Identity and Acceptance

This post has approached neurodiversity from the perspective of people who identify as neurotypical, and it has warned against labeling coworkers who may be neurodivergent. However, part of a person’s acceptance in both a community and themself comes from their identity.

When an employee identifies a certain way, it is important to accept them and not be presumptive about them. Whether it is autism, ADHD, down syndrome, or other conditions like bipolar disorder or PTSD, these terms shouldn’t be swept under the rug. Self-identifying is a huge part of acceptance in a work culture.

Employees should be aware of these different types of neurodivergence so that they are better suited to interact with their co-workers who identify this way. Once the stigma is gone, conditions like these can be accepted, and terms that co-workers use to self-identify can be another aspect of their diversity, not a limitation of their perceived abilities.

To that same point, when employers take the time and effort to make their culture and environment more accessible for neurodiverse people, they can better accommodate employees with more specific needs. Workplaces being more accommodating of people with all different ways of functioning does not eliminate the need for specific accommodations, of course, but it allows all employees to improve their interactions within their own ecosystem and in the world. In that way, workplace-wide education can help benefits professionals to make their work environments more diverse and inclusive.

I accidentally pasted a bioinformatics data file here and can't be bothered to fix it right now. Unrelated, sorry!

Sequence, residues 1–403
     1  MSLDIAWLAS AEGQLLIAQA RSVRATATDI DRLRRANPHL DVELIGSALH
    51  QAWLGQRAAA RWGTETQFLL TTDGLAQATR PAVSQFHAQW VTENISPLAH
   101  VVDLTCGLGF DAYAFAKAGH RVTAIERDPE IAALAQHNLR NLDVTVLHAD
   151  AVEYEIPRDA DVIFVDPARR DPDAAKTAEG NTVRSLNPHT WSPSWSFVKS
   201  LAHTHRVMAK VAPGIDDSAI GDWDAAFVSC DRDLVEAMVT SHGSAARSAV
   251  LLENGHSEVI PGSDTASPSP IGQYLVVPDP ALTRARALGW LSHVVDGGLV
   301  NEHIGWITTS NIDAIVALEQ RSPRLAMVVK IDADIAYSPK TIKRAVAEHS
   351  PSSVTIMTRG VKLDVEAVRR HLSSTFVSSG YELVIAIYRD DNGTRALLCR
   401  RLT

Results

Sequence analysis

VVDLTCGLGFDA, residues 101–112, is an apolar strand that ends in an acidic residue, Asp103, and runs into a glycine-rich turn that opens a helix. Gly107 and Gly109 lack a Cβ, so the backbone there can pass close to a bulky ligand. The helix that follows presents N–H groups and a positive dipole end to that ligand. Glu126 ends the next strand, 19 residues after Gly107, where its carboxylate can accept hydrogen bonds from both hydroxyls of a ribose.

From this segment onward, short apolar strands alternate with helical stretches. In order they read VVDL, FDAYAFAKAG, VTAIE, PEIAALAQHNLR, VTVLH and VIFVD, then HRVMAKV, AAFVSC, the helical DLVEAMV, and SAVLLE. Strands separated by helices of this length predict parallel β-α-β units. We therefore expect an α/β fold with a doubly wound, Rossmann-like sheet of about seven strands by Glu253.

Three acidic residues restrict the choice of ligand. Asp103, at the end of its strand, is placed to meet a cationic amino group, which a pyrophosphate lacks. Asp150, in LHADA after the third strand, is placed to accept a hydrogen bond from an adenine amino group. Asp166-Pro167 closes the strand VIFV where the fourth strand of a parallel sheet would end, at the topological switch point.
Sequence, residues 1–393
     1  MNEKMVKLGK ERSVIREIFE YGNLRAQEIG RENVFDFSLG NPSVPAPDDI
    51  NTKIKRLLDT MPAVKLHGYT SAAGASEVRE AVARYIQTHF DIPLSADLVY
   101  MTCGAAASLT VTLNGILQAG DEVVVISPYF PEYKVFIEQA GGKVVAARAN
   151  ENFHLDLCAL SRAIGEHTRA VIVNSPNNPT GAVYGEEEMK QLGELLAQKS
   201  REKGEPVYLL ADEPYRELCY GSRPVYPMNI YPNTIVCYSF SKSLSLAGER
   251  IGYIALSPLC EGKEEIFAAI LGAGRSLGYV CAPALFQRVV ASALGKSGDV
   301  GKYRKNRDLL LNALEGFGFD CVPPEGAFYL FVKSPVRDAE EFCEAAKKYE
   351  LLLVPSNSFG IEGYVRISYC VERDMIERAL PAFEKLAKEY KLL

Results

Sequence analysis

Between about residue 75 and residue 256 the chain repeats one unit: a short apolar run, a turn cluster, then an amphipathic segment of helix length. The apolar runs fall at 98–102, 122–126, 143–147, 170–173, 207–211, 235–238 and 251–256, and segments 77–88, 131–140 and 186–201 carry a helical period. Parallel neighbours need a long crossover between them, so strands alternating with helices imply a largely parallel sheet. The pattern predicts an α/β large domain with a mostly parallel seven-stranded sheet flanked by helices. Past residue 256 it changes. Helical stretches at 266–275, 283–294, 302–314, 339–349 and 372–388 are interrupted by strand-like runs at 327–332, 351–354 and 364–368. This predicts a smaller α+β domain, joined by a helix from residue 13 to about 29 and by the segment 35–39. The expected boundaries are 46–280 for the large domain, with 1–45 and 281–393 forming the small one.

Neurodivergence is everywhere. It is complex, and it can be challenging for people from different backgrounds to interact with each other. Education, experience and acceptance don’t eliminate the problem—They show that often, there is no problem, just a difference in perspective.

Jeff Mason

Proofreader at the International Foundation. Favorite Foundation Product: The Talking Benefits podcast. Benefits-Related Topics That Interest Him Most: Retirement and evolving work cultures (four-day workweek, hybrid work, etc.). Personal Insight:  Jeff enjoys writing in a wide range of genres, from benefits blogs to memoirs and novels. He has published works in literary theory, satire, employee benefits and creative essay, and he was recently shortlisted for a novel-length work in science fiction.